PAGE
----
Feeding dynamics of the invasive copepod Pseudodiaptomus inopinus in two northeast Pacific estuaries, and potential competition with its invasive congener, P. forbesi
Monday, August 2, 2021
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Jade Jacobs, Washington State University, Vancouver, WA, Gretchen Rollwagen-Bollens, School of the Environment, Washington State University, WA and Stephen M. Bollens, School of Biological Sciences, Washington State University, Vancouver, WA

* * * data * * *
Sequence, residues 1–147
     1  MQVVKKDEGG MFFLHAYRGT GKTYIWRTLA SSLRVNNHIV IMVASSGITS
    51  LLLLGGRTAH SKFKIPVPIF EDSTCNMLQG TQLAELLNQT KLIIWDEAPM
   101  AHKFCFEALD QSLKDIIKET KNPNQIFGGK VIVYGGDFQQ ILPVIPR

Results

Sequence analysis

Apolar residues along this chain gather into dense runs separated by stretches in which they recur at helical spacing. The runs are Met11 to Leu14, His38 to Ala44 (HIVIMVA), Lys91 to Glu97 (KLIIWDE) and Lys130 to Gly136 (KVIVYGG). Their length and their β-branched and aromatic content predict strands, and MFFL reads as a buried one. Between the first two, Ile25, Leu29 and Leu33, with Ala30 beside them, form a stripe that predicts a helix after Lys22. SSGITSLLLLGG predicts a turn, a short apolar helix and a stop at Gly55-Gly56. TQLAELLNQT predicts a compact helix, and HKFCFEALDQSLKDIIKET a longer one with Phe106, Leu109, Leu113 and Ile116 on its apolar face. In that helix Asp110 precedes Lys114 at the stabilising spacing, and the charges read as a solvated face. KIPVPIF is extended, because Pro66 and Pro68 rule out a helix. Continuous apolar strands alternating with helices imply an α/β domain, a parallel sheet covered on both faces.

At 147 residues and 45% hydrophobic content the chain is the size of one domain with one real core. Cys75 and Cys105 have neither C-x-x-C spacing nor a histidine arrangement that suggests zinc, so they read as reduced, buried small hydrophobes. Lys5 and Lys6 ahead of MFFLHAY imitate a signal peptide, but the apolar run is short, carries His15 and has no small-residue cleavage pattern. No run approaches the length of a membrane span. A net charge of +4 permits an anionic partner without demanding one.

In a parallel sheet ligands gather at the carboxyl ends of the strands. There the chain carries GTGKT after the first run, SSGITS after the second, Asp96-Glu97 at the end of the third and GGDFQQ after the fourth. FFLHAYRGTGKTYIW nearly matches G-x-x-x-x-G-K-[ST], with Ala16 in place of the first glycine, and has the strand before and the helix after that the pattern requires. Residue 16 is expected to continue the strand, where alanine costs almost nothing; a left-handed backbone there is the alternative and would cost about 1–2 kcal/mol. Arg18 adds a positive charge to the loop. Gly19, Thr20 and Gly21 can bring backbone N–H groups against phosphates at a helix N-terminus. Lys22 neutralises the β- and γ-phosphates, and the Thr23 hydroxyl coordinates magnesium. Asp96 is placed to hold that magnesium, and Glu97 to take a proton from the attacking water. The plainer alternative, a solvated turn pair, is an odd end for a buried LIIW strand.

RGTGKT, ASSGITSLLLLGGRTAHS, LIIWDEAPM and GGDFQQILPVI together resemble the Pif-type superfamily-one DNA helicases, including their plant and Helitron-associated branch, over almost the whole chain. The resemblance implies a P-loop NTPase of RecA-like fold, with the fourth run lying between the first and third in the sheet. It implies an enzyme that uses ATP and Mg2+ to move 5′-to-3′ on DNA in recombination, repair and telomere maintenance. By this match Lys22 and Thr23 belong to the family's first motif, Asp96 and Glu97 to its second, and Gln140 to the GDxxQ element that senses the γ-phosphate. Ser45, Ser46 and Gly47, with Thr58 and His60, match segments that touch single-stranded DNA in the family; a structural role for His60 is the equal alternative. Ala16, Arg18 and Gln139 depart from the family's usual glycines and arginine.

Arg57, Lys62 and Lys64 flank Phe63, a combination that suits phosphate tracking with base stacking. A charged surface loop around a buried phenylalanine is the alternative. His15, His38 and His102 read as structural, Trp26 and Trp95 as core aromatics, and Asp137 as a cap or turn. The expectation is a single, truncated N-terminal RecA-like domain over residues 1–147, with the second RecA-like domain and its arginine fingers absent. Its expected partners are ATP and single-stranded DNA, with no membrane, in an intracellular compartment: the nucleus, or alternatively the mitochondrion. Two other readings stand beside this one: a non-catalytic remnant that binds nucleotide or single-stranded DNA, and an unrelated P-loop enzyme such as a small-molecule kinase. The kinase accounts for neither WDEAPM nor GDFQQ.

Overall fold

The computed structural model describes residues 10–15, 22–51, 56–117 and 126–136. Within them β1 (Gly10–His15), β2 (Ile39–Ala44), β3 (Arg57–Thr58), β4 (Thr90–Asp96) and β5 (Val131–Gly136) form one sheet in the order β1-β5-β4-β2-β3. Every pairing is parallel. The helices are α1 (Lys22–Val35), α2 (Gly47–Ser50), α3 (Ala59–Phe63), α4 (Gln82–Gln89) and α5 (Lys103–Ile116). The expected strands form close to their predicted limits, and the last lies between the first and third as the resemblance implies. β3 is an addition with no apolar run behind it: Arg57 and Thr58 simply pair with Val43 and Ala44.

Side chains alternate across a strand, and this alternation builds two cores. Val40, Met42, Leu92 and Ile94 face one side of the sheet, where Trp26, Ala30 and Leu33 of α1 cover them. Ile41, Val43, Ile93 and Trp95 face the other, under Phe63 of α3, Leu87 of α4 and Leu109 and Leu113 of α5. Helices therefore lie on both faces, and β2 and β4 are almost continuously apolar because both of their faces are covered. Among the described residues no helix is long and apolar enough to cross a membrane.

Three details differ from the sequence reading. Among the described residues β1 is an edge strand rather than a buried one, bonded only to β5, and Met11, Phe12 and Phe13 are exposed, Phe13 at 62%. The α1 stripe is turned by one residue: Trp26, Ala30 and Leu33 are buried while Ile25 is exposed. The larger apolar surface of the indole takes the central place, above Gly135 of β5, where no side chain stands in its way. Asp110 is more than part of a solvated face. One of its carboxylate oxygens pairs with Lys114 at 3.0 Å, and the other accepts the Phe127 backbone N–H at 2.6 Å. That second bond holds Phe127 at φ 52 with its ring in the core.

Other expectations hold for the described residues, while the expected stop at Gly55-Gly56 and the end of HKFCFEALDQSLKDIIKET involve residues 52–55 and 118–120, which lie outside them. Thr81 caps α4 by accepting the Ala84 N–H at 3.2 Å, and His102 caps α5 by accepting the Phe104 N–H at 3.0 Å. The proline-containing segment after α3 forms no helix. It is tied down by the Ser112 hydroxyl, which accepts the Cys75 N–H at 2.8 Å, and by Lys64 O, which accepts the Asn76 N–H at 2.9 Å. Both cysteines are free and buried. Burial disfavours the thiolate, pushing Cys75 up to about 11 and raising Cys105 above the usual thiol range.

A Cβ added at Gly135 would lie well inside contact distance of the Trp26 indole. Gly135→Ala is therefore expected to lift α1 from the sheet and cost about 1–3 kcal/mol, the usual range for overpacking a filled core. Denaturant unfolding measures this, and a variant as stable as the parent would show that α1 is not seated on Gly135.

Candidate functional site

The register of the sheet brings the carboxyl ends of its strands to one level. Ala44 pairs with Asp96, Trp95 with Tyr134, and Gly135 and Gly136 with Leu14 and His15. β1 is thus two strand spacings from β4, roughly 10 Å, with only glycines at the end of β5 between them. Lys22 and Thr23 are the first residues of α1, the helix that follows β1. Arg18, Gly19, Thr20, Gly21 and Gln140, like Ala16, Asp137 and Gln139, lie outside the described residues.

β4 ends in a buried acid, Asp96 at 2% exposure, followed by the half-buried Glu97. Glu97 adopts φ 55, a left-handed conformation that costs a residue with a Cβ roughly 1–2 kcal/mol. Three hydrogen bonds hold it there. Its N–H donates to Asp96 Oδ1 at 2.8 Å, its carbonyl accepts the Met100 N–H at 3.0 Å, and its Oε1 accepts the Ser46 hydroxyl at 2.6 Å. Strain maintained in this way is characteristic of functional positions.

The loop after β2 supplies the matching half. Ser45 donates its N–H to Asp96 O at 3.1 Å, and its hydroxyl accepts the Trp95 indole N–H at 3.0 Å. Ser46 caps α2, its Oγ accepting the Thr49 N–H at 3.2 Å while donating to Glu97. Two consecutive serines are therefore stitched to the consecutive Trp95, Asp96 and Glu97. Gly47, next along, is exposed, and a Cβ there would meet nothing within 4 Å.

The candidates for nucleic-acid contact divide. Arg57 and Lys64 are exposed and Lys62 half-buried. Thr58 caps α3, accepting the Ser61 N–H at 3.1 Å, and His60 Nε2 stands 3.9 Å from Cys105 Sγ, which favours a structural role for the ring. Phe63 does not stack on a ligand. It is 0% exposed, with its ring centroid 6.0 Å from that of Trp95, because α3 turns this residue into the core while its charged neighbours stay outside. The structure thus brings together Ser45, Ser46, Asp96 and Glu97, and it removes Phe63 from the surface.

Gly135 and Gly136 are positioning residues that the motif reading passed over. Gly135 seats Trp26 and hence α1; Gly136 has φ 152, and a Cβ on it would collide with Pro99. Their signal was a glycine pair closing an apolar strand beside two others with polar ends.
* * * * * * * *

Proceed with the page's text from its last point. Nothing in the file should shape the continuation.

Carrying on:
Background/Question/Methods Northeast Pacific estuaries have been invaded by at least nine Asian copepod species, including the calanoid copepod Pseudodiaptomus inopinus. First observed in the Columbia River Estuary (CRE) in the early 1990s, it has since become rare or absent in this system. It is now the dominant zooplankton taxon in at least eleven other Northeast Pacific estuaries, yet little is known about P. inopinus feeding dynamics. The disappearance of P. inopinus from the CRE coincided with the introduction of a congener species, P. forbesi. This study aimed to: 1) determine the feeding dynamics of P. inopinus in two estuaries where it is dominant, and 2) compare feeding rates and selectivity of P. inopinus with rates previously measured for P. forbesi in the CRE, to explore the potential for resource competition between these two species. We conducted incubation experiments with samples collected from the Chehalis River estuary (Washington, USA) and the Yaquina River estuary (Oregon, USA) during autumn of 2019 and 2020, when P. inopinus was at peak abundance. Results/Conclusions Preliminary results show that P. inopinus feeds preferentially on ciliates (in Chehalis) and diatoms (in Yaquina), whereas P. forbesi was found to feed non-preferentially in the CRE. Based on the feeding behaviors of these two species, and the composition of the prey assemblage in the CRE, we conclude that P. inopinus prefers prey taxa not readily available and thus was ill-suited to this environment, whereas P. forbesi was likely better able to thrive on the available prey in the CRE. From this, we now have a clearer picture of the trophic impacts of these planktonic species on their invaded ecosystems, as well as the potential for competition between the two.